Bruce Nauman (b. 1941, Fort Wayne, IN; lives and works in New Mexico) is one of the most preeminent conceptual video, sound, installation, and neon artists working today. Nauman’s influence on contemporary art is immeasurable; younger generations of artists have founded their practices upon concepts first explored and tested by Nauman beginning in the early 1960s. It is difficult to suggest a common, central theme shared by his entire body of work, but “Nauman does circle around a fundamental problem: the experience, in one’s environment, architecture, language or body, of being controlled. He subjects himself, his artistic collaborators and his viewers to disturbing experiments in surveillance; he makes us participants in art that is hectoring, aggressive, buttonholing and violent, and fills us with a sense of complicity.” His video, sound, text-based, and installation works featuring such subjects as the artist himself bouncing a ball within a square outline on the studio floor or walking through a narrow corridor while assuming the contrapposto form, a rat-filled maze, a date gone violently wrong, a humiliated mime, or an abject clown, force the viewers to insert themselves into the work, inducing strong, visceral reactions. “In its exploration of control, discipline and torture, and a linguistic world riddled with pat phrases and evacuated of all meaning, the experience his work induces can be awful, nauseating, horrifying.” Nauman leaves it up to his viewers to decide their tolerance levels for the abject; this forced self-reflection causes us to “Pay Attention” – which is, fittingly, the title of one of his early 1970s lithographs and one of his artistic goals.
Currently on view at the Tate Modern in London, from October 7, 2021 – February 21, 2021, is the first European Nauman retrospective in over 20 years.
A journey through the ground-breaking works of this quintessential contemporary artist
Nauman’s work has been the subject of several major retrospectives since the 1970s: a 1994 retrospective traveled from the Museum of Contemporary Art in Los Angeles to the Hirshhorn Museum and Sculpture Garden in Washington, D.C., and in 1995, the Museum of Modern Art in New York hosted another major exhibition. More recently, the same Museum of Modern Art, along with MoMA P.S.1 and Schaulauger, organized a retrospective in late 2018 which was on view until early 2019.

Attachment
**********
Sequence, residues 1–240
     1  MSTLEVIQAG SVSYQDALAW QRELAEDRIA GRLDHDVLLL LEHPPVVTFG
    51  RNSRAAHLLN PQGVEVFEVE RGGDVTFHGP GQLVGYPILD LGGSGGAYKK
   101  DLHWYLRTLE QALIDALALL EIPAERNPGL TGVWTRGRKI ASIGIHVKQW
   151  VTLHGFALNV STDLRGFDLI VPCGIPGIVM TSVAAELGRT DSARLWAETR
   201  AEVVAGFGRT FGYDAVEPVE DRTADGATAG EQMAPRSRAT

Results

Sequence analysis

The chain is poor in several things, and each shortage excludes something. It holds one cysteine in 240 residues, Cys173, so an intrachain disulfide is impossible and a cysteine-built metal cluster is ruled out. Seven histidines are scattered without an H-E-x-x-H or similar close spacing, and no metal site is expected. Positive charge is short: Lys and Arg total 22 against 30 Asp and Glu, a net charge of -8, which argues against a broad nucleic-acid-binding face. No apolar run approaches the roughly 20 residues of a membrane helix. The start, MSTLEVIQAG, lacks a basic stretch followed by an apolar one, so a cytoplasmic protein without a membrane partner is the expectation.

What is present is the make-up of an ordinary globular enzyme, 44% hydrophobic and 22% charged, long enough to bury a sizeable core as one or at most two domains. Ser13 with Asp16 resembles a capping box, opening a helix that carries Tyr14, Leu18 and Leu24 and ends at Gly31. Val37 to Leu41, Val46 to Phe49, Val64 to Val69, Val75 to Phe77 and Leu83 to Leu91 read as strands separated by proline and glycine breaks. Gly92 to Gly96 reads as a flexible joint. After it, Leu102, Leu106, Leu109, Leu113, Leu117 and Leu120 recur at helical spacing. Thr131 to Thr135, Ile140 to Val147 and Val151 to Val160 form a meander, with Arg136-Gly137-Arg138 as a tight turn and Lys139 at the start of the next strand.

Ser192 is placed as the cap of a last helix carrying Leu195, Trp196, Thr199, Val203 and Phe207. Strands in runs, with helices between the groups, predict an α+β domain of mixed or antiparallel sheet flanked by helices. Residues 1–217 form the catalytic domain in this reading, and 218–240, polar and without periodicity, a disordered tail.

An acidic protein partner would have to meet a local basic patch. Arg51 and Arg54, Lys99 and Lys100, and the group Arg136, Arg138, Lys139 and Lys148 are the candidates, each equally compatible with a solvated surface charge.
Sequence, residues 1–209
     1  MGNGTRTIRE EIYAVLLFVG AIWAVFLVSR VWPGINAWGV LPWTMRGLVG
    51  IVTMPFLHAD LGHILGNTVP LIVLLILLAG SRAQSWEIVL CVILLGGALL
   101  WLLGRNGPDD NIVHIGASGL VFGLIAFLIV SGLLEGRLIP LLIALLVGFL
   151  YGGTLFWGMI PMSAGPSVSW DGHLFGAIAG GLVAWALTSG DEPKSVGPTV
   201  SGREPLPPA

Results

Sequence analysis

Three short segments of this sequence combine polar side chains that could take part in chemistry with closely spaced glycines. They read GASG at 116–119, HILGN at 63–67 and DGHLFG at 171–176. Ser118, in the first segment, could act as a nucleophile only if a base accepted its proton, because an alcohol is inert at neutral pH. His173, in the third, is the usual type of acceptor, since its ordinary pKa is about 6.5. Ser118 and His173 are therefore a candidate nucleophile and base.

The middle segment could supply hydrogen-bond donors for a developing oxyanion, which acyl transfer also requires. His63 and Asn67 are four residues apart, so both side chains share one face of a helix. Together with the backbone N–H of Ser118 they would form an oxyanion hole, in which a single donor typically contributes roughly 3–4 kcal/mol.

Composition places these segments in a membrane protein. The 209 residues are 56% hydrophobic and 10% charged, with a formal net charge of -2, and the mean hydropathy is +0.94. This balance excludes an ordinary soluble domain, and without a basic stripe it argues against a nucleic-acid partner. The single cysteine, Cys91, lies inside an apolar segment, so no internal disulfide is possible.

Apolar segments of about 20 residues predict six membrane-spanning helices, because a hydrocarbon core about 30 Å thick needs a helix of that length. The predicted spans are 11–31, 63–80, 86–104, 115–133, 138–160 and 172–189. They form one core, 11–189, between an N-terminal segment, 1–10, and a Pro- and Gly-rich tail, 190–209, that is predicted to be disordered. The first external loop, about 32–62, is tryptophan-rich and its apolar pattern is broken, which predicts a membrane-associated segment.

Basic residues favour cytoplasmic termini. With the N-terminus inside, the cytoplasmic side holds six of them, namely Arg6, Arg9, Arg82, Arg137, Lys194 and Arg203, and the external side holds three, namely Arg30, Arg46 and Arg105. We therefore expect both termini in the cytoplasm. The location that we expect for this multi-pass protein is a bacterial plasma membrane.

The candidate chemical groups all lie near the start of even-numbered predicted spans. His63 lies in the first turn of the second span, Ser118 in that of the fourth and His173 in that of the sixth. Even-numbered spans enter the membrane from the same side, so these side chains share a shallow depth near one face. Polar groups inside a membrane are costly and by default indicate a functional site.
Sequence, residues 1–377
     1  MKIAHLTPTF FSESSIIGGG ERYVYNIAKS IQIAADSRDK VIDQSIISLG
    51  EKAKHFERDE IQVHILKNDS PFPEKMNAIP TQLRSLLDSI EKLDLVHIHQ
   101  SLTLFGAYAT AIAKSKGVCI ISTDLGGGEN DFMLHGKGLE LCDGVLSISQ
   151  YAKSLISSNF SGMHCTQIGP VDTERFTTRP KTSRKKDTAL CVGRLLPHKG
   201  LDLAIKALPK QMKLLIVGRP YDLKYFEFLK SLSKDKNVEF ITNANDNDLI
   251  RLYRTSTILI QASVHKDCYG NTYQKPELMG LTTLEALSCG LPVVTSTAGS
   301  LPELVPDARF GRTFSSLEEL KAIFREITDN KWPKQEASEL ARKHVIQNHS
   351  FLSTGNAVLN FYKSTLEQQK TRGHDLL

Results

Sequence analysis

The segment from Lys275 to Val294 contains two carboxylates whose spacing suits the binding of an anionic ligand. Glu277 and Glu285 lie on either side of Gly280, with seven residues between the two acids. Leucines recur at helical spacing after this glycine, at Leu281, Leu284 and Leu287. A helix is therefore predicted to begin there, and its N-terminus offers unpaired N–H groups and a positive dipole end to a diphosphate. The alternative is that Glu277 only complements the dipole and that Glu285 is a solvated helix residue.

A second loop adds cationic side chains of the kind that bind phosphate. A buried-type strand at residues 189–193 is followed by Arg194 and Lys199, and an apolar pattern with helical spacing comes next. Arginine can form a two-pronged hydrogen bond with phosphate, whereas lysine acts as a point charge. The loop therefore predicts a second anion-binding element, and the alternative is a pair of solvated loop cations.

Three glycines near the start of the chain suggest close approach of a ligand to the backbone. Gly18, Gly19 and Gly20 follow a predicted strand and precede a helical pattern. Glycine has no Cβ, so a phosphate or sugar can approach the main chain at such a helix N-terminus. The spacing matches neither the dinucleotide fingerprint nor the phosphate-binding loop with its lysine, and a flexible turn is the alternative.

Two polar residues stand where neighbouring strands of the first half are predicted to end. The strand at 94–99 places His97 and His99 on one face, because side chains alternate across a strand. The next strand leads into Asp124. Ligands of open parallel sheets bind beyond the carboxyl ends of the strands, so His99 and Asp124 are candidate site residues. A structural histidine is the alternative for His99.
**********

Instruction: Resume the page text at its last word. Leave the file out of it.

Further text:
"Tate Modern, London
Featuring funny walks, shouting, inertia, banality, sex, detritus and an abject clown, this retrospective of the pioneering video artist’s career is a disturbing thrill"
2015 Bruce Nauman, Fondation Cartier pour l’art contemporain, Paris
Bruce Nauman, Friedrich Kiesler Stiftung, Vienna
2013 Bruce Nauman: Some Illusions – Drawings and Videos, Sperone Westwater, New York
2010 Bruce Nauman: Dream Passage, Hamburger Bahnhof, Museum für Gegenwart, Berlin, Germany
Bruce Nauman: Days, The Museum of Modern Art, New York, NY
Bruce Nauman: For Children/For Beginners, Sperone Westwater, New York
2009 Bruce Nauman: Topological Gardens, United States Exhibition of the 53rd Venice Biennale, United States Pavilion at the Giardini della Biennale, Venice, Italy (travelling)
2007-08 A Rose Has No Teeth: Bruce Nauman in the 1960s, University of California, Berkeley Art Museum & Pacific Film Archive, Berkeley, CA (travelling)
Featured ArtworkViolent Incident - Man/Woman Segment (Parkett Deluxe Edition No. 10)
Signed and numbered "B Nauman 132/200" on a label affixed to the VHS cassette. This work is number 132 from an edition of 200.
 Nikil Saval, “Bruce Nauman, The Artist’s Artist”, New York Times, October 15, 2018, https://www.nytimes.com/2018/10/15/t-magazine/bruce-nauman-art-interview.html (accessed October 8, 2020).